Moving home might not be an option for everyone. It might take you longer than the 10 months it took me to save up for your move.

But just start by figuring out how much you need to save and then work backwards to figure out how you’re going to get there. Are there expenses you can cut back on? Can you get an evening or weekend job for a few months? Do you own anything you can sell (you’re going to need to purge belongings before you move anyway)? Every day challenge yourself to think of new ways you can make or save money. Could you start selling your art? What if you gave up your daily Starbucks habit?

Commit to making it happen and you’ll figure out a way.

It was hard wiring my savings to my new English bank account and watching it get halved by the exchange rate.

I felt really tense about money when I first moved here. My job hunt was slow-going and I was in constant fear that I’d have to move home due to lack of funds before I found one. I was stressed about even making basic purchases, but also wanted to make the most of my time in London in case I didn’t have long.

But the money didn’t run out. Within a month I found a job with an organisation that I adore and since then I’ve been promoted twice! Which is another great reminder to lean into the uncertainty. Trust that it’s all going to work out. You’ll find a way.

Love, pink piggy panks, & silver dollars,
signature

How to Make Your Own Metallic Vases

vases1I only discovered Indigo’s blog, Spikes and Stardust, quite recently after she reached out to me via email. I was instantly drawn to her positive outlook and her articles about magic and creativity. Today she’s taking over the reins at The Laughing Medusa to share a simple and inexpensive DIY for making cute metallic vases.

Hello, lovely! I’m Indigo from Spikes and Stardust and today I wanted to share with you how I made my own modern glass vases — and you can too! As a working college student, I don’t have a ton of money to play with when it comes to furnishing where I live during the school year. That’s why I decided, instead of buying expensive modern vases for flowers, I would make my own. This project is super simple, and only takes an afternoon to complete.

What you’ll need:
heartglass bottles (I used one vodka bottle, one lemonade bottle, and one Italian soda bottle)
heartpainter’s tape
heartspray paint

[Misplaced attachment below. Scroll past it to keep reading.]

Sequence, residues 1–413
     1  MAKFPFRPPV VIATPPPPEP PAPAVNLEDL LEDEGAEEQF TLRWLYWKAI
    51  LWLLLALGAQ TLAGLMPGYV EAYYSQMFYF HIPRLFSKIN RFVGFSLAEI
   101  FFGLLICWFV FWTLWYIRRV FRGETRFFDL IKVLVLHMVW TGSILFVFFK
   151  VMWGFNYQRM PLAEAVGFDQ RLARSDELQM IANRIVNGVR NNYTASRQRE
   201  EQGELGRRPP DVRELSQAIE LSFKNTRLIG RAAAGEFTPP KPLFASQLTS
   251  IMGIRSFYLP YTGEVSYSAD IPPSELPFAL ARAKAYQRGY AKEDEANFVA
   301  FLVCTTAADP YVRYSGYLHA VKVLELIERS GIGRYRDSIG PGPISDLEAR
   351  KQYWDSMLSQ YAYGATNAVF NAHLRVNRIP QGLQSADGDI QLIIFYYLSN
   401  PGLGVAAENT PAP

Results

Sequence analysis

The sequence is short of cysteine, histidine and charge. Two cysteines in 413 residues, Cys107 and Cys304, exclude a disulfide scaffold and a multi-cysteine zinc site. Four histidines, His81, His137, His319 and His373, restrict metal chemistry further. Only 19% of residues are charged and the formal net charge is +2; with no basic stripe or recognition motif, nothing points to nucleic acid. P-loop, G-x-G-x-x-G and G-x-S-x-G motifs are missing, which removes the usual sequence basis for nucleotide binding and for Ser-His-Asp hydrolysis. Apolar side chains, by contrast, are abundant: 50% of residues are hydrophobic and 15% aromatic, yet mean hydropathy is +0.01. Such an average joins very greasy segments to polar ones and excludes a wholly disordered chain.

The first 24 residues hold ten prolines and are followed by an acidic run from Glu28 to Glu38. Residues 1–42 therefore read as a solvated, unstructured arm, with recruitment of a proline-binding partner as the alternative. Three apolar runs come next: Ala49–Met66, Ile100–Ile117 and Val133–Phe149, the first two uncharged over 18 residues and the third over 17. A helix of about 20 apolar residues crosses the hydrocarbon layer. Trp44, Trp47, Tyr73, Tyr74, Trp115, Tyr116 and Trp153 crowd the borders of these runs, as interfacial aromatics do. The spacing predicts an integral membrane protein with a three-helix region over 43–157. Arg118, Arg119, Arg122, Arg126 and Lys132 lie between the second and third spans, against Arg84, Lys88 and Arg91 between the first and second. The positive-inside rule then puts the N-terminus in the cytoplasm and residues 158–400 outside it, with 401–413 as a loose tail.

heartpaper bag

vases3First you’ll need to get the labels off your bottles, if you have any. The best way to do this is to fill your sink with warm water and soap and place your bottles inside. Let them soak for 1-3 hours to loosen the glue that keeps the labels attached to the glass. After a few hours, pull them out of the water and remove the labels. If you have any sticky residue left, use Goo Gone to remove it.

vases4Next, tape the part of your bottles that you don’t want to be painted. For a modern look I decided to paint the bottom halves of each bottle, so I taped the heck out of the top to make sure no paint ended up where I didn’t want it.

vases5Take your bottles outside, or somewhere you can spray paint safely. Cut your paper bag so it’s as large and flat as it can go and place it underneath where you want to paint.

Now comes the fun part! Shake your spray paint can and start painting. Make sure you hold the can a few inches away from the surface of your bottle and move in strokes to ensure you get an even coating.

vases6Once all of your bottles are painted, it’s time to wait for them to dry. Mine were dry in just a couple of hours, but make sure you read the paint bottle to see the recommended drying times.

And now, in just an afternoon, you have beautiful new modern vases. I hope you enjoyed making them as much as I did, and that you love using them in your space!

Thanks, Indigo! I love how simple and beautiful these vases are. I can’t wait to make some of my town to hold my weekly flower market purchases.

Love, pink peonies, & sprinkle-covered cupcakes,
signature

Tattoo Talk: An Interview with Lyzi Unwin

01Lyzi Unwin, 26, Waitress & Blogger

Being Little is once of my absolute favourite blogs. Lyzi does a wonderful job of intertwining posts on serious topics like mental health with beautifully styled outfits and gorgeous lifestyle posts. It’s also no secret that she has an amazing collection tattoos. You can often see them peaking out from underneath her adorable dresses, but today she’s here to give us a more up-close and personal look at her ink, while sharing her thoughts on tattoos.

How old were you when you got your first tattoo? What was it?
I think I was about 19, and it was the outline to the cats on my back. Since then their shape has been slightly modified, and they’ve been coloured in (with a few added extras!)

How many tattoos do you have now?
I now have 11 tattoos dotted around my body. 

04What are your thoughts on tattoo regret? Have you ever had any?
To be honest, there are a couple that I wish I’d thought through a little better, or just waited a little longer before I got them done. It’s unlikely that I’d ever get rid of them though, as they tell a story and represent a certain time in my life. 

03LyziDo you think tattoos need to have a special meaning or can they be purely aesthetic?
They can be either – it’s totally a personal preference. For me, I like to have some meaning behind my tattoos. If it’s going to be etched into my skin forever, I want it to stand for something important, or to remind me of something or someone.

07Do you have a favourite tattoo? What’s the story behind it?
I have two, and they’re both my most recent ones! The tattoo on my right arm is in memory of my Grandad, who used to play the trumpet. I got it done 10 years after he passed away, by one of my dearest friends who I met the same year my Grandad died. It was really special for me to have this tattooed by him.